1. Structural Biology and Molecular Biophysics
  2. Cell Biology
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Dilation of fusion pores by crowding of SNARE proteins

  1. Zhenyong Wu
  2. Oscar D Bello
  3. Sathish Thiyagarajan
  4. Sarah Marie Auclair
  5. Wensi Vennekate
  6. Shyam S Krishnakumar
  7. Ben O'Shaughnessy
  8. Erdem Karatekin  Is a corresponding author
  1. School of Medicine, Yale University, United States
  2. Yale University, United States
  3. Columbia University, United States
Research Article
  • Cited 27
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Cite this article as: eLife 2017;6:e22964 doi: 10.7554/eLife.22964

Abstract

Hormones and neurotransmitters are released through fluctuating exocytotic fusion pores that can flicker open and shut multiple times. Cargo release and vesicle recycling depend on the fate of the pore, which may reseal or dilate irreversibly. Pore nucleation requires zippering between vesicle-associated v- and target membrane t-SNAREs, but the mechanisms governing the subsequent pore dilation are not understood. Here, we probed dilation of single fusion pores using v-SNARE-reconstituted ~23 nm diameter discoidal nanolipoprotein particles (vNLPs) as fusion partners with cells ectopically expressing cognate, 'flipped' t-SNAREs. Pore nucleation required a minimum of 2, and reached a maximum above ~4 copies per face, but the probability of pore dilation was far from saturating at 15 copies, the NLP capacity. Our experimental and computational results suggest SNARE availability may be pivotal in determining whether neurotransmitters or hormones are released through a transient (kiss & run) or an irreversibly dilating pore (full fusion).

Article and author information

Author details

  1. Zhenyong Wu

    Department of Cellular and Molecular Physiology, School of Medicine, Yale University, New Haven, United States
    Competing interests
    The authors declare that no competing interests exist.
  2. Oscar D Bello

    Nanobiology Institute, Yale University, West Haven, United States
    Competing interests
    The authors declare that no competing interests exist.
  3. Sathish Thiyagarajan

    Department of Physics, Columbia University, New York, United States
    Competing interests
    The authors declare that no competing interests exist.
  4. Sarah Marie Auclair

    Nanobiology Institute, Yale University, West Haven, United States
    Competing interests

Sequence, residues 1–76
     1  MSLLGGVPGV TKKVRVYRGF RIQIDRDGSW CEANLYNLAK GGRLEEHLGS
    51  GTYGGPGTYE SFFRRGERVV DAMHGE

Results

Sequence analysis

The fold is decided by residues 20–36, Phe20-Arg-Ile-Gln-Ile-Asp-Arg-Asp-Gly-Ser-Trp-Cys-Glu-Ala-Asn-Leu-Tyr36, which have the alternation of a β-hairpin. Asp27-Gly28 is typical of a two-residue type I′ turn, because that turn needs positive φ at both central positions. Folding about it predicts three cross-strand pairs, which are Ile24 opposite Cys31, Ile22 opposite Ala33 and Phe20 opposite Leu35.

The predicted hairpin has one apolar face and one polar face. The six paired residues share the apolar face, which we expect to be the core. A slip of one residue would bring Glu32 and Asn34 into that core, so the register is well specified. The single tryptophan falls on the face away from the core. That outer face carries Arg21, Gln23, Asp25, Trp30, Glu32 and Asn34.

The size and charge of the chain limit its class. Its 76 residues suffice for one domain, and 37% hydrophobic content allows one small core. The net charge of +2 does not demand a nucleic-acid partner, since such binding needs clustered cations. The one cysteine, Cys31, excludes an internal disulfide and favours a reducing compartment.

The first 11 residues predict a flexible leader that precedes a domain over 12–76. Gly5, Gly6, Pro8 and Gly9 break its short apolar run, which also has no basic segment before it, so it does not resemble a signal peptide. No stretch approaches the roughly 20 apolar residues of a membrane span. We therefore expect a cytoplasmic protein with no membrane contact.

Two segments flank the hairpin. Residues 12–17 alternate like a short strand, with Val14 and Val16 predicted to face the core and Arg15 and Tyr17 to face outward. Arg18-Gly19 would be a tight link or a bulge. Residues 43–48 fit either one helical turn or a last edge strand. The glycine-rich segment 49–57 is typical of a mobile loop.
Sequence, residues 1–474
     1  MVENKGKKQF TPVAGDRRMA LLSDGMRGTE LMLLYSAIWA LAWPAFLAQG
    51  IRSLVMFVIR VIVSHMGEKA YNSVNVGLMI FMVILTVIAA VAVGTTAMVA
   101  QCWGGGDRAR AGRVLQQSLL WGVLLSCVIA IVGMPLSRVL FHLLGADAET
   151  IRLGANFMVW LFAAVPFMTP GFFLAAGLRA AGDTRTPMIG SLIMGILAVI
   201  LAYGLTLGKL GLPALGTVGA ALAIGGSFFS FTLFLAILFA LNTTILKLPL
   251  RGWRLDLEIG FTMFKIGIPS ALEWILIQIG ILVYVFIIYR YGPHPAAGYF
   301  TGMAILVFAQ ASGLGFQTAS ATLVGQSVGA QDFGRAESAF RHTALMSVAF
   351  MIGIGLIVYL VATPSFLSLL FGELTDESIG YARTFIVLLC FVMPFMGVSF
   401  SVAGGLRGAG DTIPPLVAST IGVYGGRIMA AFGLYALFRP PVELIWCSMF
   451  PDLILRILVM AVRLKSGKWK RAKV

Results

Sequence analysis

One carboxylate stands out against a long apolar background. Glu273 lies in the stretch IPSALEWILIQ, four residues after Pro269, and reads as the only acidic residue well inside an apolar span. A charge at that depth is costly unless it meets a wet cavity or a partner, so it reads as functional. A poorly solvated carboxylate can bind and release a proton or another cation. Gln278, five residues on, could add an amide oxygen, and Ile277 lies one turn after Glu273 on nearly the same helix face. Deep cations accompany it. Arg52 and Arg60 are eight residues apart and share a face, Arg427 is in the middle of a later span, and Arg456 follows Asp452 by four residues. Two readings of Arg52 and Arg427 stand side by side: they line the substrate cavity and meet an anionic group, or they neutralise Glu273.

The authors declare that no competing interests exist.
  5. Wensi Vennekate

    Department of Cellular and Molecular Physiology, School of Medicine, Yale University, New Haven, United States
    Competing interests
    The authors declare that no competing interests exist.
  6. Shyam S Krishnakumar

    Nanobiology Institute, Yale University, West Haven, United States
    Competing interests
    The authors declare that no competing interests exist.
    ORCID icon "This ORCID iD identifies the author of this article:" 0000-0001-6148-3251
  7. Ben O'Shaughnessy

    Department of Chemical Engineering, Columbia University, New York, United States
    Competing interests
    The authors declare that no competing interests exist.
  8. Erdem Karatekin

    Department of Cellular and Molecular Physiology, School of Medicine, Yale University, New Haven, United States
    For correspondence
    erdem.karatekin@yale.edu
    Competing interests
    The authors declare that no competing interests exist.
    ORCID icon "This ORCID iD identifies the author of this article:" 0000-0002-5934-8728

Funding

National Institute of General Medical Sciences (R01GM108954)

  • Erdem Karatekin

Kavli Foundation (Neuroscience Scholar Award)

  • Erdem Karatekin

Deutsche Forschungsgemeinschaft (VE760/1-1)

  • Wensi Vennekate

National Institute of Diabetes and Digestive and Kidney Diseases (R01DK027044)

  • Shyam S Krishnakumar

The funders had no role in study design, data collection and interpretation, or the decision to submit the work for publication.

Reviewing Editor

  1. Axel T Brunger, Stanford University Medical Center, United States

Publication history

  1. Received: November 4, 2016
  2. Accepted: March 26, 2017
  3. Accepted Manuscript published: March 27, 2017 (version 1)
  4. Version of Record published: April 25, 2017 (version 2)

Copyright

© 2017, Wu et al.

This article is distributed under the terms of the Creative Commons Attribution License permitting unrestricted use and redistribution provided that the original author and source are credited.

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